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Fusion Science and Technology
Penfield and Enos: Outage planning in the COVID-19 era
Energy Harbor’s Beaver Valley plant, located about 34 miles northwest of Pittsburgh, Pa., was one of many nuclear sites preparing for a scheduled outage as the coronavirus pandemic intensified in March. The baseline objective of any planned outage—to complete refueling on time and get back to producing power—was complicated by the need to prevent the transmission of COVID-19.
While over 200 of the plant’s 850 staff members worked from home to support the outage, about 800 contractors were brought in for jobs that could only be done on-site. Nuclear News Staff Writer Susan Gallier talked with Beaver Valley Site Vice President Rod Penfield and General Plant Manager Matt Enos about the planning and communication required.
Beaver Valley can look forward to several more outages in the future, now that plans to shut down the two Westinghouse pressurized water reactors, each rated at about 960 MWe, were reversed in March. “The deactivation announcement happened in the middle of all our planning,” Enos said. “It’s a shame we haven’t had a chance to get together as a large group and celebrate that yet.”
While the focus remains on safe pandemic operations, the site now has two causes for celebration: an outage success and a long future ahead.
Yasuhisa Oya, Misaki Sato, Hiromichi Uchimura, Naoko Ashikawa, Akio Sagara, Naoaki Yoshida, Yuji Hatano, Kenji Okuno
Fusion Science and Technology | Volume 67 | Number 3 | April 2015 | Pages 515-518
Proceedings of TRITIUM 2013 | dx.doi.org/10.13182/FST14-T68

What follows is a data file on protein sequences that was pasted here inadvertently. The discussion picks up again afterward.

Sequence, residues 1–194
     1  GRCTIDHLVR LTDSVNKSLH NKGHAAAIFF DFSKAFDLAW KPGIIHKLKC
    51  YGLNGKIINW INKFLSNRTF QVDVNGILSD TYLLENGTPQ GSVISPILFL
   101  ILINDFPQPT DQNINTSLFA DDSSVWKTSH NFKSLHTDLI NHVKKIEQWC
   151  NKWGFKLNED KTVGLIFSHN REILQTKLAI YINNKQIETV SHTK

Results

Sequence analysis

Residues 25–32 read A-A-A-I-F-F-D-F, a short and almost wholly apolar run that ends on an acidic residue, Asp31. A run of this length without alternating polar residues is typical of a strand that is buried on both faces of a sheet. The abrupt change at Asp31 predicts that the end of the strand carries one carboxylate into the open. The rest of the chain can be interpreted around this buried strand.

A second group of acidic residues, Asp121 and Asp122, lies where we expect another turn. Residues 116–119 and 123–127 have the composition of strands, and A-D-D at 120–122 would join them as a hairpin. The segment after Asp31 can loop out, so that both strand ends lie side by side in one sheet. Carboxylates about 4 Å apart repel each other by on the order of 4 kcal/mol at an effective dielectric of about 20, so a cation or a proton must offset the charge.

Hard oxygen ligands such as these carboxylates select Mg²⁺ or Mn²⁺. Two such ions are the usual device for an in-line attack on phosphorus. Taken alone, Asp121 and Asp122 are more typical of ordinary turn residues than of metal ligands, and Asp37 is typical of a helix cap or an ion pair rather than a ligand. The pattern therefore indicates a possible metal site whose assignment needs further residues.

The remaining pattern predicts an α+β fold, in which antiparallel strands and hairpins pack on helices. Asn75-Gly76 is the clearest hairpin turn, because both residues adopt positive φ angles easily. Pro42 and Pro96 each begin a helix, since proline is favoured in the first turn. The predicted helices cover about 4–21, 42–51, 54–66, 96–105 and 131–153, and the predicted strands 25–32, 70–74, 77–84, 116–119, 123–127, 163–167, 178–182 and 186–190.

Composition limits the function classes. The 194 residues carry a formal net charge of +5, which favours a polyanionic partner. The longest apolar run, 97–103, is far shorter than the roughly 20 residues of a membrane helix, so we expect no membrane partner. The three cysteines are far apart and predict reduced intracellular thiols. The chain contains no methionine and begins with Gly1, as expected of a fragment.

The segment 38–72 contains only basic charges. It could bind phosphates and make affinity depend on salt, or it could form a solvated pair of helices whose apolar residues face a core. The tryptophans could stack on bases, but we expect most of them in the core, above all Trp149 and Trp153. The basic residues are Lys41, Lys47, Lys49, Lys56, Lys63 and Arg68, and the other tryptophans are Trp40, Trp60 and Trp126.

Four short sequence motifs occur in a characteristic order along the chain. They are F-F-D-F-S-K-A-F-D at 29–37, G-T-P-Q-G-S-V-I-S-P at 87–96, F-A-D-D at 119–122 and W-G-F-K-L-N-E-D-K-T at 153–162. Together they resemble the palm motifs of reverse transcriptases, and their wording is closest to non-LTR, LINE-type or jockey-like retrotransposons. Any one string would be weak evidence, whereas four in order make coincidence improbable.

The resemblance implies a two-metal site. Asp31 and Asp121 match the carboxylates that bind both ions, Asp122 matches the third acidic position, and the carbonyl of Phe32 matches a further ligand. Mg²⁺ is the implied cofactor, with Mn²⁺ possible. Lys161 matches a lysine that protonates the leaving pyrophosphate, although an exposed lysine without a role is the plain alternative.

Articles are hosted by Taylor and Francis Online.
The effect of carbon implantation for the dynamic recycling of deuterium, which demonstrates tritium recycling, including retention and sputtering, was investigated using in-situ sputtered particle measurements. The C+ implanted W, WC and HOPG were prepared and dynamic sputtered particles were measured during H2 + irradiation. It was found that the major hydrocarbon species for C+ implanted tungsten was found to be CH3, although those for WC and HOPG were CH4. The chemical state of hydrocarbon is controlled by the H concentration in a W-C mixed layer. The amount of C-H bond and the retention of H trapped by carbon atom should control the chemical form of hydrocarbon sputtered by H2+ irradiation and the desorption of CH3 and CH2 was due to chemical sputtering, although that for CH was physical sputtering. The activation energy for CH3 desorption was estimated to be 0.4 eV, corresponding to the trapping process of hydrogen by carbon through the diffusion in W. It was concluded that the chemical states of hydrocarbon sputtered by H2+ irradiation for W was determined by the amount of C-H bond on the W surface.